The first GuitarAttack pickup is complete!   A single coil with Alnico V magnets came off the winderand ye s, it works.


The pickup is about ready to be wound.  I used three separate pieces to build the bobbin:  one for the top, one for the bottom, and one split in two for the base.  The pieces came from a guy on eBay -- and yes, I have a bunch of them (P-Bass bobbins, too).  The magnets are Alnico V rods from Miami Magnet.

I used a dab of superglue on each magnet/bobbin joint to hold the magnets in, and sprayed the exposed magnets with water-based lacquer prior to winding. 

Tip:  Make sure each magnet is oriented in the same direction before you start gluing!

We are a go for ignition....

The bobbin attached to the Gatorade caps.   A humbucker height adjustment screw holds the assembly together.

You can see the shiny lacquer on the bobbin.  Supposedly Fender sprayed lacquer on their magnets to insulate them from the wire.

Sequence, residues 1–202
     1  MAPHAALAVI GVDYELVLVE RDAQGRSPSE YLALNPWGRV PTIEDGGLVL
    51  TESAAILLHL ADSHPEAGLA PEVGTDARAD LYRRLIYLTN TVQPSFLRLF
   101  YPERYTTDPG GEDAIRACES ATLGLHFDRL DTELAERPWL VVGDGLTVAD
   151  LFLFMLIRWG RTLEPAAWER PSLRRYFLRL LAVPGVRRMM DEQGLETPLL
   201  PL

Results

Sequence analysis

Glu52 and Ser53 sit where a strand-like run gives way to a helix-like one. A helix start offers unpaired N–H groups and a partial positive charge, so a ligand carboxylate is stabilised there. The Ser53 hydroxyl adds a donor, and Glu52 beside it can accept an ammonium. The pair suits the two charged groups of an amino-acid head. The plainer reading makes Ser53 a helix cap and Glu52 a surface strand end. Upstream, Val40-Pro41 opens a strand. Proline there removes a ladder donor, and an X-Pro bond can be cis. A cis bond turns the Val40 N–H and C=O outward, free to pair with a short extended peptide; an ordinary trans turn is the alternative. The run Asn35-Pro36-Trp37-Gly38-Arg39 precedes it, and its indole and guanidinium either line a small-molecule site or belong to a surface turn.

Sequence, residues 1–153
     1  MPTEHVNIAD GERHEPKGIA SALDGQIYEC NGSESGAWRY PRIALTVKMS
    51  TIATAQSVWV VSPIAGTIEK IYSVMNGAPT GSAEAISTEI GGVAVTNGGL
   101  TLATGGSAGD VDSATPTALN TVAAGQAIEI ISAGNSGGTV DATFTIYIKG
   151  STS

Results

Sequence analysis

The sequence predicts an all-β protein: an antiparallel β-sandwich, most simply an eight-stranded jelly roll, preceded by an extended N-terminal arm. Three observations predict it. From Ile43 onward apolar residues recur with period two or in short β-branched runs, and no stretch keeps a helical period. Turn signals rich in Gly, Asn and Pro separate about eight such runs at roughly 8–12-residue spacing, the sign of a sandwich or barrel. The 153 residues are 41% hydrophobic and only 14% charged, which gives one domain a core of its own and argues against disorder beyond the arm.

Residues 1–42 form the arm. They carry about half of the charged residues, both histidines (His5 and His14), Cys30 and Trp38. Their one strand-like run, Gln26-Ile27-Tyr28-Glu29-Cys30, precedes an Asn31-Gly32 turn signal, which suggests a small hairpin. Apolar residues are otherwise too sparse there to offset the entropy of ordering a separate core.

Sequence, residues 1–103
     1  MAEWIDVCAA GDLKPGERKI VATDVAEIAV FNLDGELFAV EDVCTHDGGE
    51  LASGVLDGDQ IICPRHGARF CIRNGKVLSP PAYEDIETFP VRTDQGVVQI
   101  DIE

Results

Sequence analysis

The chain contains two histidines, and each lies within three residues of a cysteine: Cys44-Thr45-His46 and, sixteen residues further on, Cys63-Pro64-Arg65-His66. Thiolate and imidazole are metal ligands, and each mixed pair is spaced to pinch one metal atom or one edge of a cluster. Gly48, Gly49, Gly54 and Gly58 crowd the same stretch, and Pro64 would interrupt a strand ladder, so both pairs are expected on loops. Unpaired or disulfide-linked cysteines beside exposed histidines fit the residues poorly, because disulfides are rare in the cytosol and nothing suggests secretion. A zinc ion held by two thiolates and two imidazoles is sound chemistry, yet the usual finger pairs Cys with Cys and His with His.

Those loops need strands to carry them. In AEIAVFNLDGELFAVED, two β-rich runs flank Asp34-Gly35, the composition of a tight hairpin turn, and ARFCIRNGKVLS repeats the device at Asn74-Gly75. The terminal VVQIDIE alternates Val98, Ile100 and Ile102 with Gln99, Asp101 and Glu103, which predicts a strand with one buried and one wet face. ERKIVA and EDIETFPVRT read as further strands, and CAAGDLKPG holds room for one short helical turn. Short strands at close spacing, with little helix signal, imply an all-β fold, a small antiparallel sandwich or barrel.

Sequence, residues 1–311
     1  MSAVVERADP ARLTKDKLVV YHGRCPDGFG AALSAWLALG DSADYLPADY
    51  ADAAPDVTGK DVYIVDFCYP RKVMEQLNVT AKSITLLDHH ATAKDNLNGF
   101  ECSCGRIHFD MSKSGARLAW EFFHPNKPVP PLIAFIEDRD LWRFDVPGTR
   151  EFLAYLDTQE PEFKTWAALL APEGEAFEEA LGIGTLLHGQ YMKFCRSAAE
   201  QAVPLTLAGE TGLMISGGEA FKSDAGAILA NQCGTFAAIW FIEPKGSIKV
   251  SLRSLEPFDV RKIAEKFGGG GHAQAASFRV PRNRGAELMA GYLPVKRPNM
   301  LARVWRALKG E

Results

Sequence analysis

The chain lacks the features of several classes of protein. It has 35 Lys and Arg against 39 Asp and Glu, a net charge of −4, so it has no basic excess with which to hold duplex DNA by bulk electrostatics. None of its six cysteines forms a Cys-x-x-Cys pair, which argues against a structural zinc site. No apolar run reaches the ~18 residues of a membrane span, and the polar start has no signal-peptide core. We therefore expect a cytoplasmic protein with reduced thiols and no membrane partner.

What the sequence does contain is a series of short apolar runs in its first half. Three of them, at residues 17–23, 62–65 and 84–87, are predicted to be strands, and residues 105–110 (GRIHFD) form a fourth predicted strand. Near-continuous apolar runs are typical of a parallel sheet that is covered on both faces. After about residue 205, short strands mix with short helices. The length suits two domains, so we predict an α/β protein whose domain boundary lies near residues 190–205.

This step is very important!

Attached to the dreaded cap!

I screwed the cap onto the winder (like on Page 2), and after one horrible misstart, this pickup popped out!

Be sure to read the tips on magnet wire -- it can be unbelievably frustrating.

Tip:  While you're learning make sure you stop the winder regularly to make sure the pesky wire doesn't slip off the bobbin and wrap itself around the mounting screw.  It can be disastrous if you don't catch it.

It's is alive!

Tip: Make sure you buy solderable wire.  The wire I use is from MWS Wire Industries, and is solderable.  It really makes things easier because it allows you to solder your leads without stripping the wire's insulation.

By the way -- don't forget which end of the wire you want to make the ground and the hot leads.  For this pickup, the end of the wire from the inside of the bobbin is the ground, and the outside end is the hot lead.

The wires used for the hookup are single strands of multipair telephone cable.

Let's or black?

The final product!  I hooked the pickup to my little Peavey amp and an old guitar, and voila -- a cool sound! 

DC Resistance is about 7k ohms, and the output at the amp seemed very balanced and "right sounding."

Hopefully the first of many!


Does Mr. Dimarzio need a new goon?

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